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Fall Hits Mid-Michigan (Part I)


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*Repost from Michigan subforum*

Well, the leaves are really starting to fall, but I'd thought I'd try and get in a legitimate fall thread before it's too late. I will be getting a new camera by years end, and hopefully, that also means some tours of new locations. These turned out pretty good, IMO, if even a little familiar in subject.

Built in 1894, and lying a block north of the Capitol in the church district, First Baptist Church recently (in the last month or so) changed it's name and demonination to reflect it's changing congregation. It is now a non-denominational church.


Ransom E. Olds financed both the Hotel Olds (now the Romney), and Old Tower (Boji Tower) back when the automobile industry began to boom in Lansing.


Fall colors flooded in the shadows of the Michigan Capitol Building completed in 1878. Below, you can see Saint Paul's Episcopal Church completed in 1914. Yes, even churches need satellite T.V. or so I am told.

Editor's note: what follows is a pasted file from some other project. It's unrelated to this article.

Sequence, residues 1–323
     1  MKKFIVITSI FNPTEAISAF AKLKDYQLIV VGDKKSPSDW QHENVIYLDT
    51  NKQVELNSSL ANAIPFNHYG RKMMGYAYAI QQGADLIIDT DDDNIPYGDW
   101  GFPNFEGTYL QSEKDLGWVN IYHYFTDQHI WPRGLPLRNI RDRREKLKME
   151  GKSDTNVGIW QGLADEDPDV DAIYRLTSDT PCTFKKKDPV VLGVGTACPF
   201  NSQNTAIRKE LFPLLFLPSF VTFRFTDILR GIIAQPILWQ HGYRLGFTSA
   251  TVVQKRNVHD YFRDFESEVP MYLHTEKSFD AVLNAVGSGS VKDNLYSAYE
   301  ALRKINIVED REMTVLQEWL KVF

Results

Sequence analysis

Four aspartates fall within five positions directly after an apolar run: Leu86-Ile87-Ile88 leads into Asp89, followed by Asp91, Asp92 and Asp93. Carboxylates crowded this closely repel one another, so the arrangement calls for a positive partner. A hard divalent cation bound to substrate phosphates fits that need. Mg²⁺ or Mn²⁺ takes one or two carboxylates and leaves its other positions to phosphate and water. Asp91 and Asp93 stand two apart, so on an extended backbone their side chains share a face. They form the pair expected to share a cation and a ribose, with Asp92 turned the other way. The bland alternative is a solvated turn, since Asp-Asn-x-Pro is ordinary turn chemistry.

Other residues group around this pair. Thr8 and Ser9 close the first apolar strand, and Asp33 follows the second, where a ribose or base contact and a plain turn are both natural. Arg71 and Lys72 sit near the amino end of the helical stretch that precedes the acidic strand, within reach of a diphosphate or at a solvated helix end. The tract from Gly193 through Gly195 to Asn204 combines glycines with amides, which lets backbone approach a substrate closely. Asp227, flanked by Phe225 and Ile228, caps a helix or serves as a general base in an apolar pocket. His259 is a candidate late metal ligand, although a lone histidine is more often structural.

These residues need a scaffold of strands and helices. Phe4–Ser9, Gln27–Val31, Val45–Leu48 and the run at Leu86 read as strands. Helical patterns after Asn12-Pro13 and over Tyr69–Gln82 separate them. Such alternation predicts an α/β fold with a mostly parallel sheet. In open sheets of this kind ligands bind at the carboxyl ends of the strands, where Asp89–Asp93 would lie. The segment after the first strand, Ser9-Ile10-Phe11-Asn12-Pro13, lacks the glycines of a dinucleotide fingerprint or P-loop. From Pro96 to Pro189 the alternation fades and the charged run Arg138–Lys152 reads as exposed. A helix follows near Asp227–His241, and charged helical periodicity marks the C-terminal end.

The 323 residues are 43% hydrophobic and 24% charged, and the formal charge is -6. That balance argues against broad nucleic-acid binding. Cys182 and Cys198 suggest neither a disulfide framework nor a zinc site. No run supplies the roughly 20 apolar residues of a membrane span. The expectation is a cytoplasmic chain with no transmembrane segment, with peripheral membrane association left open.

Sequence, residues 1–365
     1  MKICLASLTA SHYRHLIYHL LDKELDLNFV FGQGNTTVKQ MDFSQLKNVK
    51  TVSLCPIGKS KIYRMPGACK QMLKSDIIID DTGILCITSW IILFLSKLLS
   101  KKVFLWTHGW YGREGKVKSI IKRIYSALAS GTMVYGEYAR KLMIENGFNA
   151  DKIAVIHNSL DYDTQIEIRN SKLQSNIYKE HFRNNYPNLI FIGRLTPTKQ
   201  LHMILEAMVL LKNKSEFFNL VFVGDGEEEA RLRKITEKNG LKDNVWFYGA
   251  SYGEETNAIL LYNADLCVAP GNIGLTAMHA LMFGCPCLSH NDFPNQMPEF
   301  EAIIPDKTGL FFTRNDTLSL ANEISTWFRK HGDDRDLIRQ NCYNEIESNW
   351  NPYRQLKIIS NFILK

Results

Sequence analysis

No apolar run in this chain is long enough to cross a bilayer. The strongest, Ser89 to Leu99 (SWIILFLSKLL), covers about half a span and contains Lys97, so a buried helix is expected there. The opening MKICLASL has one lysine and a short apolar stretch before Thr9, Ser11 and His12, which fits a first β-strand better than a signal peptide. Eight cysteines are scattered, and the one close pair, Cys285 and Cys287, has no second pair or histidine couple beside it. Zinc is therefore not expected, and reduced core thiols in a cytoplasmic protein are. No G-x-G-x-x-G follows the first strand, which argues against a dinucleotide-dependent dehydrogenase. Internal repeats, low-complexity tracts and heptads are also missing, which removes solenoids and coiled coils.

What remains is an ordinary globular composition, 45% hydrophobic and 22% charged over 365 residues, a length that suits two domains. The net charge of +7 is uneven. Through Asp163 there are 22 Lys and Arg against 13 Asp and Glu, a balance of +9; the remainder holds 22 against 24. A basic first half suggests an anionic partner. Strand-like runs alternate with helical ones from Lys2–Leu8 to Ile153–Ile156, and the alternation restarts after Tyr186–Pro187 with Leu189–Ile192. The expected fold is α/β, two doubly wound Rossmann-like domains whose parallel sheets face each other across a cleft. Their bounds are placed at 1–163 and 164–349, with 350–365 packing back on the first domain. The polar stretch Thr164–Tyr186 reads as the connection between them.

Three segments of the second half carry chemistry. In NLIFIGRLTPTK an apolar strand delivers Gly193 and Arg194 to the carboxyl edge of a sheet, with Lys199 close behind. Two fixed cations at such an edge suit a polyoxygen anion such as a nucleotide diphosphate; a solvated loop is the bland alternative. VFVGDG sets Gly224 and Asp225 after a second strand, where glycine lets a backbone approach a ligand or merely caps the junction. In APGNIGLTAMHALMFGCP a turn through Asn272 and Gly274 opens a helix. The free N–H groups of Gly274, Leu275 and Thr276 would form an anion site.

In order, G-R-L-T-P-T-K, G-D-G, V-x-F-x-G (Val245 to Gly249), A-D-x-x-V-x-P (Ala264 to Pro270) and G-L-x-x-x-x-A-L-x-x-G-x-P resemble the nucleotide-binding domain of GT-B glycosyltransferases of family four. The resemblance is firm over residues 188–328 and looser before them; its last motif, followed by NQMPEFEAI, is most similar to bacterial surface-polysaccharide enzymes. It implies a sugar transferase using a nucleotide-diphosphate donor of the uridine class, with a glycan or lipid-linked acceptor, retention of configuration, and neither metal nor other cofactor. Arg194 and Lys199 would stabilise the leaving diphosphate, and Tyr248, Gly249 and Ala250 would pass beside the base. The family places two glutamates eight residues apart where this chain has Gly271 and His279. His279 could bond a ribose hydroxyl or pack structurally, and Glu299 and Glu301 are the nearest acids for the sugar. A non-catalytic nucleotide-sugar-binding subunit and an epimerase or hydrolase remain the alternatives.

Saint Marys Cathedral (no apostrophe officially) completed in 1913 presents a very impossing, neo-gothic facade. It also lies just a block north of the Capitol in the church district.


Random view of Ferris Park Towers Apartments rising lonely amidst 100+ year old houses.


First Church of Christ Scientists, now the non-denominational Greater Love Apostolic Temple, rises oddly above the historic Genesee Neighborhood in north downtown adjacent to Lansing Community College, one of the largest in the state. Christ Scientists still maintain a presence downtown in their reading room, which has been a downtown staple for over 100 years.


The Michigan Millers Mutual Insurance Company Building (Mutual Building for short), was first built as a three-story building in 1925, and expanded by two more stories 3 years later. A proposed renovation of this building has been put on hold which would have added one more floor.


Built in 1923, and expanded in 1941, the Michigan Bell Building is now, of course, the SBC Building. This is an awesome, if even small, example of Art Deco.


View from street level


Anderson House Office Building from the heart of the church district. The First United Methodist Church can be seen in the foreground, and the congregation has been meeting downtown for 150+ years.


More of the Capitol Grounds.


...Go to Part II to see real fall colors...

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